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Windows File Time Stamp Display Flaw

Low Risk Advisory Featured

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Reported Date

July 28, 2005 (disclosed at Black Hat 2005)
November 23, 2005 (sent an email to Microsoft)

Vendors

Microsoft Corporation
Guidance Software
X-Ways Software

Systems Affected

Microsoft Windows Explorer
Microsoft AntiSpyware (Beta 1)
Guidance EnCase Enterprise Edition (tested version 4 and 5)
Guidance EnCase Forensic Edition (tested version 4 and 5)
X-Ways WinHex Forensic Edition (tested version 12.65)

Summary

Windows file time stamps can be set to extremely low values via the NtSetInformationFile() system call. The Windows API does not properly translate the low 64-bit time values stored on disk into human readable format, and displays no information instead. Although this is not a security vulnerability in itself, it adversely affects third-party applications that rely upon the Windows API to perform the translation.

Vendor Status

Microsoft has been notified of the issue, but does not consider it a security issue. It has been forwarded to the products division.

Guidance Software has been aware of this issue since July 28, 2005.

X-Ways Software was never notified.

Exploit Availability

Timestomp, a Metasploit Anti-Forensics Project tool, has been made available to take advantage of this flaw. It is available for download here. (Downloads are currently unavailable.) 

Researcher

Vinnie Liu

Vulnerability Details

File time stamps are stored in the FILE_BASIC_INFORMATION structure:

typedef struct FILE_BASIC_INFORMATION {   

  LARGE_INTEGER CreationTime;   

  LARGE_INTEGER LastAccessTime;   

  LARGE_INTEGER LastWriteTime;

  LARGE_INTEGER ChangeTime;

  ULONG FileAttributes;

} FILE_BASIC_INFORMATION, *PFILE_BASIC_INFORMATION;

The FILE_BASIC_INFORMATION function is used as an argument to NtSetInformationFile() to set the properties of a file. By setting very low values in a SYSTEMTIME structure and converting into a LARGE_INTEGER structure with ConvertLocalTimeToLargeInteger(), we have very low valued LARGE_INTEGER file times. Windows does not correctly translate the low valued 64-bit time stamps into the human readable format, so blanks are displayed instead.

Windows Explorer
Windows Explorer relies on the Windows API function calls to translate the binary time values into human readable format. As a result, it is unable to display maliciously set file time values.

051207-BishopFox-Advisory-windowsexplorer_before-1
051207-BishopFox-Advisory-windowsexplorer_after-2

Microsoft AntiSpyware (Beta 1)
Microsoft AntiSpyware's Advanced File Analyzer feature relies on the Windows API function calls to translate the binary SYSTEMTIME values into human readable format. As a result, it is unable to display maliciously set file time values.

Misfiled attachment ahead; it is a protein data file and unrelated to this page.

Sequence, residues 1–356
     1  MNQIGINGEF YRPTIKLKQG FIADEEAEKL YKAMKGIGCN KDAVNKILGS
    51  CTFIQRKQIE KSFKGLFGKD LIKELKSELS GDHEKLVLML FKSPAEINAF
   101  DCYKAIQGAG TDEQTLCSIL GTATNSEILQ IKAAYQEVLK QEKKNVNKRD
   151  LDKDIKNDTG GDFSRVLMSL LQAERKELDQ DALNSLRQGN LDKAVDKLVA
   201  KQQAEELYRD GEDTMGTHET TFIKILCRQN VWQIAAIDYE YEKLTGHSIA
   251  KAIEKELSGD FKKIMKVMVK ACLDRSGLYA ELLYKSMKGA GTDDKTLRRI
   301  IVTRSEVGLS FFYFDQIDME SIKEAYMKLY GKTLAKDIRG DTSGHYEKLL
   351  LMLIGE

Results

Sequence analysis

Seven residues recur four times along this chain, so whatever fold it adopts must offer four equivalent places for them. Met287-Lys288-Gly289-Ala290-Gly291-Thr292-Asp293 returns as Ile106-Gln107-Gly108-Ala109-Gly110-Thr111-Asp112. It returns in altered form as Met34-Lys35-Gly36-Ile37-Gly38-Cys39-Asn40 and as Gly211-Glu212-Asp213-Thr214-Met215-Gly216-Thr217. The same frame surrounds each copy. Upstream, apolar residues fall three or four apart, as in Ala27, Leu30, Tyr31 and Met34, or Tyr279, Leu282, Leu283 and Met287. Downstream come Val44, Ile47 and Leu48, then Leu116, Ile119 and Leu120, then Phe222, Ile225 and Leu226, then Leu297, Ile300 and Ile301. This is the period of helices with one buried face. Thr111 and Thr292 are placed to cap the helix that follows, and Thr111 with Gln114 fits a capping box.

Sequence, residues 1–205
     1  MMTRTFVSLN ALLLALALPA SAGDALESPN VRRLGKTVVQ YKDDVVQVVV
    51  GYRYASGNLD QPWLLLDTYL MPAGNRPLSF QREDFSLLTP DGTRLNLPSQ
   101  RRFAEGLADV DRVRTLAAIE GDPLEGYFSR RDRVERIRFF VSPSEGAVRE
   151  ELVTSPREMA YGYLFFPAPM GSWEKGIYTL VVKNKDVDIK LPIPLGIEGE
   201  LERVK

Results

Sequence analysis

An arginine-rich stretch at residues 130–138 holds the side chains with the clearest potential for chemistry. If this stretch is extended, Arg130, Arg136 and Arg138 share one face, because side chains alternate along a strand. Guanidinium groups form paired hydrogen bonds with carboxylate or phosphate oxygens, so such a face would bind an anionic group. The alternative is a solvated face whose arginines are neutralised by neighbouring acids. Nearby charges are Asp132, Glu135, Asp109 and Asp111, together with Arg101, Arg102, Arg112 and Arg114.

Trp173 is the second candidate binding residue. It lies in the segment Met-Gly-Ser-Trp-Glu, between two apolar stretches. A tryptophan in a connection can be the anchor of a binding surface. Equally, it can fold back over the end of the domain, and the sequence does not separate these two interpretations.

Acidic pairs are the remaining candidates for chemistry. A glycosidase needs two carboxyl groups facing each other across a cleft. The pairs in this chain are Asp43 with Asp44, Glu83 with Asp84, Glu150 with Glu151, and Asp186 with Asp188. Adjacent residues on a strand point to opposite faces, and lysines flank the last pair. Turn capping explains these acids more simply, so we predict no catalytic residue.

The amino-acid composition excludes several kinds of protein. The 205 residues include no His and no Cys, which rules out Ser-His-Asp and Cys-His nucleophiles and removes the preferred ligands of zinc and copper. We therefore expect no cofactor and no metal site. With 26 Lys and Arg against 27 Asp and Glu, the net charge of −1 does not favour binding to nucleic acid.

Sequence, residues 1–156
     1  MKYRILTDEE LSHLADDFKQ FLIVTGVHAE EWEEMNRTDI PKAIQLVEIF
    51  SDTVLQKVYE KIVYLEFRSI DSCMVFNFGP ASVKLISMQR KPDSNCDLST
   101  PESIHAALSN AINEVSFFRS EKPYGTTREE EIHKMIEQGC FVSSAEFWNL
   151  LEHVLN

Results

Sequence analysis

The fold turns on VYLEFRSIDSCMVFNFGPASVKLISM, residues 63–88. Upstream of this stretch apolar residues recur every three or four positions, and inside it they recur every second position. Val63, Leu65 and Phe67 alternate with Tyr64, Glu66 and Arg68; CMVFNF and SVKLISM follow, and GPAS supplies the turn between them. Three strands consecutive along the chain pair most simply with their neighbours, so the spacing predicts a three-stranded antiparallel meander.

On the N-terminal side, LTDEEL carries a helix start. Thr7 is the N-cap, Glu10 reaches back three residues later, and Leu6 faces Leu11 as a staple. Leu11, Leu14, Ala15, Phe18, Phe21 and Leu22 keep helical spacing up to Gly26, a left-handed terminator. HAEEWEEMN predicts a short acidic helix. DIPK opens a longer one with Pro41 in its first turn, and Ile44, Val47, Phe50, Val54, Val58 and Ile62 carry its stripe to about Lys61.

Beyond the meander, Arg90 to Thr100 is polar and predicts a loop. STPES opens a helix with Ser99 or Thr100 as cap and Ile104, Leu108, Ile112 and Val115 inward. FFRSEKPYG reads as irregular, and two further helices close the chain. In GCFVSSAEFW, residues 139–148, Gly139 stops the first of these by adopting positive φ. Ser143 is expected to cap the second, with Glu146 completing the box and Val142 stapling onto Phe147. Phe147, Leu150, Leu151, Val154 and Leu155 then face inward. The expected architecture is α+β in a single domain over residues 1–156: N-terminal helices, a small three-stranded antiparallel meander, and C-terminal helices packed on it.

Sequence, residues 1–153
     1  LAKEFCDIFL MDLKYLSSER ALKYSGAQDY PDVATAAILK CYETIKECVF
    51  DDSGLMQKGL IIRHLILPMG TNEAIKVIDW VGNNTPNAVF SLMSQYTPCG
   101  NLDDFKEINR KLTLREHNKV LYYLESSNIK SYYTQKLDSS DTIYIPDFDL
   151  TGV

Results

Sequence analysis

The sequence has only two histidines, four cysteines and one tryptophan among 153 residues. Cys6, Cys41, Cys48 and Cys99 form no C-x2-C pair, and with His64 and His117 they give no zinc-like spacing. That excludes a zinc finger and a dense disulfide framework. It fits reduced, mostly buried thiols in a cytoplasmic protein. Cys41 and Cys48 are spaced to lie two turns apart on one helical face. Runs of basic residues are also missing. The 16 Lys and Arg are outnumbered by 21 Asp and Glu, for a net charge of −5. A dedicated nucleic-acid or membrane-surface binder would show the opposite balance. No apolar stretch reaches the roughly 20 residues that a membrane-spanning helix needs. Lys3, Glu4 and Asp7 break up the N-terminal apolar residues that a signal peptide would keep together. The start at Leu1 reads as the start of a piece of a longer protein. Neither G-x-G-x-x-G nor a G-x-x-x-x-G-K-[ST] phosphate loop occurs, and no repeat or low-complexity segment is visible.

051207-BishopFox-Advisory-msantispyware_after-4

Guidance EnCase
This vulnerability has the greatest impact on 3rd party forensics software that relies on the Windows API to translate the binary time stamps. Forensic examiners use time stamps both to timeline malicious activity as well as locate other potentially suspicious files. The results of these examinations is often used in court, and below we see how it is possible to invalidate time-based evidence. The first image shows the effect of Timestomp on a single file viewed through EnCase. The second image shows the effect of Timestomp against an entire volume viewed through EnCase.

051207-BishopFox-Advisory-guidanceencase_singlefile-5
051207-BishopFox-Advisory-guidanceencase_wholevolume-6

Workaround

A more detailed discussion of countermeasures can be found at the Metasploit Anti-Forensics Project website.


Vincent liu

About the author, Vincent Liu

CEO & Co-founder of Bishop Fox

Vincent Liu (CISSP) is CEO and cofounder at Bishop Fox. With over two decades of experience, Vincent is an expert in offensive security and security strategy; at Bishop Fox, he leads firm strategy and oversees client relationships. Vincent is regularly cited and interviewed by media such as Al Jazeera, The Information, and NPR while also writing as a contributing columnist for Dark Reading. He has presented at Microsoft BlueHat and Black Hat and has co authored seven books including Hacking Exposed Wireless and Hacking Exposed Web Applications. Vincent sits on the advisory boards of AppOmni, Elevate Security, Mod N Labs, and the University of Advancing Technology in addition to serving as returning faculty at the Practising Law Institute. Prior to founding Bishop Fox, Vincent led the Attack & Penetration team for the Global Security unit at Honeywell International. Before that, he was a consultant with the Ernst & Young Advanced Security Centers and an analyst at the National Security Agency.
More by Vincent

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